Edit: think there’s a refuge in Orthodoxy? Think again before you follow professional poison pens line Dreher and Holy Steve.
Funny enough, this is from the often unreliable New York Times. The Orthodox Church has been unapologetic about its Communist legacy, perhaps it’s how the NYTs sticks it to organized religion?
SOFIA — His enthronement as patriarch of Bulgaria, spiritual leader of millions of Orthodox believers here, was supposed to stir pride and moral togetherness in an impoverished country confronting a vacuum in political leadership and widespread economic pain.
Instead, the installation of His Holiness Neofit last month, in a ceremony replete with byzantine splendor, served as one more reminder that Bulgaria had never really thrown off the inheritance of 40 years of rigid Communist rule and all the duplicitous dealings that went with it.
Bulgaria has suffered fresh turmoil since mid-February, when nationwide protests erupted over a rise in power prices. The national government resigned in what it said was a bid to avert more bloodshed. But this week, the country went into nationwide mourning over the death of one protester, Plamen Goranov, 36, who set himself on fire in front of a public building in his hometown, Varna.
The church has played no part in calming its troubled nation. Like 11 of the 14 metropolitan bishops who make up the ruling synod of the Bulgarian Orthodox Church, Neofit was revealed to have a file documenting or implying cooperation with the powerful secret police under Communism.
Proof of collaboration — for which the church has never apologized — was expected, but the number of bishops implicated when a state commission opened the files on church leaders in January 2012 “was beyond all expectations,” noted Momchil Metodiev, a historian who has researched the church in the Communist era.
By comparison with the 30-volume record involving Simeon, the Bulgarian Church’s current metropolitan for Western Europe, Neofit’s 16-page file was slender. While the file contained only a proposal by the authorities to recruit him as an agent and a negative assessment of his suitability for State Security work, the revelations raised tantalizing questions about whether more incriminating documents had been removed.
That such questions linger, more than 20 years after Communism, illustrates Bulgarians’ messy relationship to that past.
One day after the Berlin Wall fell in November 1989, the Communist dictator Todor Zhivkov, who had been in power since 1954, was deposed, not by popular uprising but in a palace coup. The politics behind the act remained murky, meaning that his removal is still a matter of dispute.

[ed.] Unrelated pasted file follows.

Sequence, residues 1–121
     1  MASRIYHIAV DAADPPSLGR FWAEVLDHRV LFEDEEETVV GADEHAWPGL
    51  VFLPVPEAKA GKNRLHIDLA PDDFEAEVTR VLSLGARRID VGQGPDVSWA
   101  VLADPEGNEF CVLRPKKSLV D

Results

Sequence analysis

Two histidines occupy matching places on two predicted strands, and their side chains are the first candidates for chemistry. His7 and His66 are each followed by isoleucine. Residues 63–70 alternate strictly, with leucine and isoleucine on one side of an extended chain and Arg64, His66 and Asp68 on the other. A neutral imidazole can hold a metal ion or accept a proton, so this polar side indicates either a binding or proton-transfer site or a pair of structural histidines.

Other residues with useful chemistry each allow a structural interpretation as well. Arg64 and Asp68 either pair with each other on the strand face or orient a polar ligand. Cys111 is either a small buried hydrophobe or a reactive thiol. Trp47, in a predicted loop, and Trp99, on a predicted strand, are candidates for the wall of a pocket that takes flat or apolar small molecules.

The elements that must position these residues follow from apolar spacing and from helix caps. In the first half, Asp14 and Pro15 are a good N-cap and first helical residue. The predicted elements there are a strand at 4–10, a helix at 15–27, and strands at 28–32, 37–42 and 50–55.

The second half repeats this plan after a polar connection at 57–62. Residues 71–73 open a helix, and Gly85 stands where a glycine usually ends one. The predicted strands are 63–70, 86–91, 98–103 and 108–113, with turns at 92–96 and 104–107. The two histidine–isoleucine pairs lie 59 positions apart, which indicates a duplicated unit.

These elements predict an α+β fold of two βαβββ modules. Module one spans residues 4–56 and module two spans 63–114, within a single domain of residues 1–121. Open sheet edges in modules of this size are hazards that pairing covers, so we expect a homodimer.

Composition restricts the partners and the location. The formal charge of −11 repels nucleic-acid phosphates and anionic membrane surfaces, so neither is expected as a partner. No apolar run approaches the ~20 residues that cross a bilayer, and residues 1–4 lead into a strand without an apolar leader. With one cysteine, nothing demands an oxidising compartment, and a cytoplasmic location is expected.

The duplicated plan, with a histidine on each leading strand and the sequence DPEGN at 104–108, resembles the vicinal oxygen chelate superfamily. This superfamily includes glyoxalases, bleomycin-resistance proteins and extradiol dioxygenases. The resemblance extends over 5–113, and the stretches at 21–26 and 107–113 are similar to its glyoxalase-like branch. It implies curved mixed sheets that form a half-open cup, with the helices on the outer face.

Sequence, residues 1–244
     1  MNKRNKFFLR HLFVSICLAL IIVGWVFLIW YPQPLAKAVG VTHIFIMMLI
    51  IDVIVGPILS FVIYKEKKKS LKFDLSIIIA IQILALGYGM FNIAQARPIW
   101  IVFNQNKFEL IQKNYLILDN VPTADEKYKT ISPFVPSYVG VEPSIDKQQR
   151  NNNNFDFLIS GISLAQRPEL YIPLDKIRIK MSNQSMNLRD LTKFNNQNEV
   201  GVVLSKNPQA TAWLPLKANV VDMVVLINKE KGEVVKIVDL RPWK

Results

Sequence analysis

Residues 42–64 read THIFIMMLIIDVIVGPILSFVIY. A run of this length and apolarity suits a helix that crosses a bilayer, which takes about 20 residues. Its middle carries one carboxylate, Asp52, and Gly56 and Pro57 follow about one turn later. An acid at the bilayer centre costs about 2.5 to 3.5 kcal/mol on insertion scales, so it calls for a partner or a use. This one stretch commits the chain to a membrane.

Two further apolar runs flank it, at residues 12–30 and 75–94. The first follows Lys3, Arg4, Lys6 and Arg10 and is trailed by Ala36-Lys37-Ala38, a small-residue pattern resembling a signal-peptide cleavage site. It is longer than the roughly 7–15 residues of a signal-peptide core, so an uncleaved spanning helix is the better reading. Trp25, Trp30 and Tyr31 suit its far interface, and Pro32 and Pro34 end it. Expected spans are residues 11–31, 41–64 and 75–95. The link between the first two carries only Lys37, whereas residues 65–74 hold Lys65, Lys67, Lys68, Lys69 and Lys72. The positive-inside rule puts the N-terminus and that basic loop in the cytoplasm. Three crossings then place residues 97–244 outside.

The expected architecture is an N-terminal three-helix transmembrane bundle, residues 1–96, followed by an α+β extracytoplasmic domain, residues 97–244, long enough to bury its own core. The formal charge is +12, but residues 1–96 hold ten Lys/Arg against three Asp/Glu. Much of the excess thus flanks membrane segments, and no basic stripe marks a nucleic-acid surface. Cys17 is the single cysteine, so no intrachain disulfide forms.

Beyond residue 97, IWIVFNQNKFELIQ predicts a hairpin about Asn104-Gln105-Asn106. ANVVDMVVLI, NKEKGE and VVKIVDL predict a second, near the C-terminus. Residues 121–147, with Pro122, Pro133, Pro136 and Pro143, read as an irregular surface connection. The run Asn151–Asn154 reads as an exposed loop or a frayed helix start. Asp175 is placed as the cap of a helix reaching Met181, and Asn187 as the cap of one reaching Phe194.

Few Bulgarians can say the word “democracy” without irony or bitterness, because while they gained freedom and their country has now joined the North Atlantic Treaty Organization and the European Union, it has remained poor and underdeveloped, with the riches most dreamed of under capitalism reserved for the lucky, often criminally connected, few.
And although State Security officially disbanded, its officials have retained a hold, contributing to the lack of clarity or debate about the past.
Many former agents went into private business and recruited wrestlers for muscle. Their networks, often criminal, gradually took over much of Bulgaria’s legitimate economy, helping to make Bulgaria notoriously corrupt, said Philip Gounev, a corruption expert at the Center for the Study of Democracy in Sofia.
Similarly, the church has not faced up to its past. “Just as people say that our country is in ‘state capture’ by criminals and oligarchs who have taken control of the state, the church is in a state of ‘state capture’ by metropolitans associated with the state security police,” Mr. Gounev said.
The church counters that it is, for instance, planning to canonize martyrs from the Communist era over the next two years, making saints of those found to have died or been imprisoned for the faith among the thousands of believers who were persecuted. “We can expect to close the page of our Communist heritage by this very symbolic act,” said Desislava Panayotova, from the cultural department of the Holy Synod.
But it seems that it will take more than canonizations to restore the church’s position as a moral beacon in an increasingly secular society.
After the state, the church is the second-largest landowner in the country, making it an attractive target for criminal groups. With its weak management and opaque institutions — the church does not, for instance, have a designated media spokesperson — observers say the church has remained aloof from any state efforts to clean up corruption.
While many historic churches and monasteries crumble from neglect, the Bulgarian news media relay a stream of shocking stories about church officials’ luxury cars, expensive watches, shady land deals and ties to questionable businessmen.